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Updated: Jan 9, 2022

Do you know what is meant when you hear the word hallmarking? If you don’t you are not alone. However, if you are buying precious metal jewellery it is something you really need to be aware of.

Here's what you need to know

So, what are hallmarks?

Hallmarks are a series of either struck or lasered marks applied to precious metals certifying the metal is in fact the precious metal it is being sold as.

In this country, Scotland, and also the rest of the UK, by law and in accordance with the Hallmarking Act of 1973 if you are selling precious metal jewellery it must be sent to an assay office to be tested to verify it is the quality of metal the jeweller is saying it is. The only exception to this rule is with items weighing less than 7.78g for silver, 1g for gold and palladium, and 0.5g for platinum these do not need to be hallmarked.

Unfortunately, a lot of jewellery out there is either not hallmarked mainly due to it costing the jeweller money to have it tested and marked, or it might not actually be precious metal and is actually some sort of base metal made to look like silver or gold. Many items on the high street and online fall into this category and this includes designer brands…. I won’t mention them by name but it is all the usual suspects! Many items are actually brass but described as gold which is actually illegal.

The problem with Hallmarking is it isn’t properly enforced despite carrying a hefty fine of up to £5,000 per article for breeching this law.

In my own opinion I think all precious metals should be hallmarked. Yes, it is an added cost but for me I think it gives my customers peace of mind. Also, as part of the hallmarking process one of the marks applied is a maker’s mark. A maker’s mark is unique to that jeweller or business who made the item and is registered with the maker’s chosen assay office, for instance I am registered with the Edinburgh Assay office. This mark is also fully traceable which means the item can be traced back to the person or business who made it. Pretty cool eh?

I look at the maker’s mark as similar to that of an artist signing their work. So why wouldn’t I sign my work?

The process of sending jewellery items to be hallmarked is called assaying. Every time a piece is sent in it is tested by the assay office to see if it is the metal the jeweller thinks it is. If this matches what the jeweller claims it to be the the item or items are then either struck or laser marked with at least the following marks : Makers mark, Traditional Fineness mark, Metal Fineness mark, Assay office mark and date letter.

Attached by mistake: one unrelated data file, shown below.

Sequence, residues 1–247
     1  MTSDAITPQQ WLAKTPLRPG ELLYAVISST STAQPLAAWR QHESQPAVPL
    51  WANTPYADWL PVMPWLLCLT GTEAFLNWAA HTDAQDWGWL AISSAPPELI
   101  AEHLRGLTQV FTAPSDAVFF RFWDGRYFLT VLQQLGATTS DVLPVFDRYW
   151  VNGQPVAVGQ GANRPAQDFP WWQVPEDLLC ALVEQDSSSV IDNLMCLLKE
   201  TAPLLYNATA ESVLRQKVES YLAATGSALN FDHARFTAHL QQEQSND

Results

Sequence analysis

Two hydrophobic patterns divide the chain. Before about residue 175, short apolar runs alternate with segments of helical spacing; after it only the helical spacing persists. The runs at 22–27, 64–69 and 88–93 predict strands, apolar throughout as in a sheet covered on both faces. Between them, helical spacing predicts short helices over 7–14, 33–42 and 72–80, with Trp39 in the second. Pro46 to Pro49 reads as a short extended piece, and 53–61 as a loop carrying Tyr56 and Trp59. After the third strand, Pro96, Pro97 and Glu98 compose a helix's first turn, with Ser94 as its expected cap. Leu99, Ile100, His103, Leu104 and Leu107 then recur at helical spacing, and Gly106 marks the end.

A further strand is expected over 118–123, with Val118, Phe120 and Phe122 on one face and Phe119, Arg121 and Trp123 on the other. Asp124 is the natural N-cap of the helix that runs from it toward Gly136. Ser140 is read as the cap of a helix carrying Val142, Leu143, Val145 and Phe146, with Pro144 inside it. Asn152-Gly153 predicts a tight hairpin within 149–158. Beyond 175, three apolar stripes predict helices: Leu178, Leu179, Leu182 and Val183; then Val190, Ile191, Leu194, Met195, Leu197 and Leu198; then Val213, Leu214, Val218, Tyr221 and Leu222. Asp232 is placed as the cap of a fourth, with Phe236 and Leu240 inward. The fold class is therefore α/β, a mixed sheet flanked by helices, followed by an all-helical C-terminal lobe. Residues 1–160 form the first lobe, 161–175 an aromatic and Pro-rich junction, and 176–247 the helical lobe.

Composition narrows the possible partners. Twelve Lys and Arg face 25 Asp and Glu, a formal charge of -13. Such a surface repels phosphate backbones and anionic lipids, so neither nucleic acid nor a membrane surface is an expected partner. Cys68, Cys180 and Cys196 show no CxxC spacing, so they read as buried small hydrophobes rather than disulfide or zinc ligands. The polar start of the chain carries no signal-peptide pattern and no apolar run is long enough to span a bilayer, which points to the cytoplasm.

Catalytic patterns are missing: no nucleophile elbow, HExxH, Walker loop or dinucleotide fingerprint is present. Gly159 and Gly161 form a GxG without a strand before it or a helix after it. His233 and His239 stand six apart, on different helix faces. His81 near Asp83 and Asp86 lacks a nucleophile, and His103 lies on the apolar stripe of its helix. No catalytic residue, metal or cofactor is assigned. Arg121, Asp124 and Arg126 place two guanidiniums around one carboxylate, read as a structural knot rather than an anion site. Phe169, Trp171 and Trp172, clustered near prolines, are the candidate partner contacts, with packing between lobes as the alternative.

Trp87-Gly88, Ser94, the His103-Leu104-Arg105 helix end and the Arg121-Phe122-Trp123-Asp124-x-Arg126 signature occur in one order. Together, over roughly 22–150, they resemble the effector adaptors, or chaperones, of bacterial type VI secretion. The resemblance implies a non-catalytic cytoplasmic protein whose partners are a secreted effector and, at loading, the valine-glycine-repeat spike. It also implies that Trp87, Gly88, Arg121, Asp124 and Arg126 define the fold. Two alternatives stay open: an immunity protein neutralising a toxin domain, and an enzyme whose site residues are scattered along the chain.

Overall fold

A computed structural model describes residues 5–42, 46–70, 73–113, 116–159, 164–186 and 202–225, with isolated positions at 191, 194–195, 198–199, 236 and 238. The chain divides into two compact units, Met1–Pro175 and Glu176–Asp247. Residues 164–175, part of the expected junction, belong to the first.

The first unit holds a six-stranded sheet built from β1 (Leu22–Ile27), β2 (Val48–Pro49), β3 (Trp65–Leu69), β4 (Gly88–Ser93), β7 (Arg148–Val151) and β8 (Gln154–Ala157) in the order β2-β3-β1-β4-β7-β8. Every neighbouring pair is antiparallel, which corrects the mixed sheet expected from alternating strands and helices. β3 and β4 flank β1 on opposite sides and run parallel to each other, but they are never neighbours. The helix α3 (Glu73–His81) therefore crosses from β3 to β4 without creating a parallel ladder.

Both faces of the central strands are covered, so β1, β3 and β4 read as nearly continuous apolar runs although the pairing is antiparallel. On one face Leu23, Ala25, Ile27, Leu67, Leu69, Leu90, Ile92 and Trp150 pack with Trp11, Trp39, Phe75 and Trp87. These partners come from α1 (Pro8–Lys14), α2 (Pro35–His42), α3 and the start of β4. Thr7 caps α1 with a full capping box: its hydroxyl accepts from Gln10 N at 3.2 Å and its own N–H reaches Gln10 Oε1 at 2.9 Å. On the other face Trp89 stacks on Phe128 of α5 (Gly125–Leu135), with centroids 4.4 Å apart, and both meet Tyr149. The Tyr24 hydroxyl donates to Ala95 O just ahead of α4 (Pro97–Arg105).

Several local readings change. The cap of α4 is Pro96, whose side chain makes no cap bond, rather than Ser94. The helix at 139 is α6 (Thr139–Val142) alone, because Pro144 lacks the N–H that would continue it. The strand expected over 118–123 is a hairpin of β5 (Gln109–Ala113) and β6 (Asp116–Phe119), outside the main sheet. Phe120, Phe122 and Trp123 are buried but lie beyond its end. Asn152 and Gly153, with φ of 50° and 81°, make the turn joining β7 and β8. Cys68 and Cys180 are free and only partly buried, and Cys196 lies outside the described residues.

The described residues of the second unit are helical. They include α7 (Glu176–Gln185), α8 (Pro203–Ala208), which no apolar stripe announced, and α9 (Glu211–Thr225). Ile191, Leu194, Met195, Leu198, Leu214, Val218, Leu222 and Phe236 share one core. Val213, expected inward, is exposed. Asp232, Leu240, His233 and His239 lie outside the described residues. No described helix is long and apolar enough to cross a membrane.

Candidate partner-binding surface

Below is an example of these hallmarks applied to a wedding ring I made.

In the unfortunate event that the metal is of lesser value than what the jeweller is saying it is the Assay Office has the right to destroy the item, and yes this actually happens. This can happen when remodelling client’s old jewellery particularly if there are no hallmarks on it. Perhaps the jeweller looks at the items and a few have the same hallmark but one doesn’t but still looks the same colour as the other two. The jeweller may take the chance and just melt these all down together to make the new item. However, when this item is sent off to be hallmarked the whole value in regards to carats of gold will be completely altered and the piece cannot be hallmarked unless it meets the strict criteria of metal fineness. For example, a 9ct gold ring in this country is stamped with metal fineness of 375. This means 375 parts of this out of 1000 are pure gold. If the item is tested and it is coming out at 374 it will not pass the assay and cannot be hallmarked. It is then up to that particular assay office as to what they do with it.

Please bear in mind that if there is no Assay office mark but there are other marks such as metal fineness this does not guarantee the metal is what it has been stamped as. In this situation it is a good idea to have it tested to find out what it is especially if the item is going to be remodelled.

Also, the hallmarking system we have in this country does not apply to others. Some countries have strict rules and others don’t. So next time you are abroad and see what is being claimed to be 18ct gold beware as this may not actually be the case. Sure, it might be gold but if tested in this country you might be surprised as to how little is in it. In other words when it comes to jewellery, especially things like gold, and it seems like a massive bargain it’s most likely too good to be true.

If you would like to know more about this here are a couple links which are very good

This is a video by the brilliant Kerry from Gemmology Rocks (also like me a hallmarking advocate!) outlining rules and discussing what is happening, or not for that matter, in the trade regarding Hallmarking

This article is also pretty interesting and explores examples of jewellery that the author has bought and had tested. Some of the results you might find surprising.

Just to finish off I thought I’d share a copy of the hallmarking notice which by law everyone selling precious metals should have displayed in their shop/workshop and/ or online. So have a wee look at the jewellery you are wearing just now and see if there are any hallmarks and check them against this table. Most of all be careful! There are so many fakes out there and hallmarking is there to protect you as a consumer. Buyer be ware!

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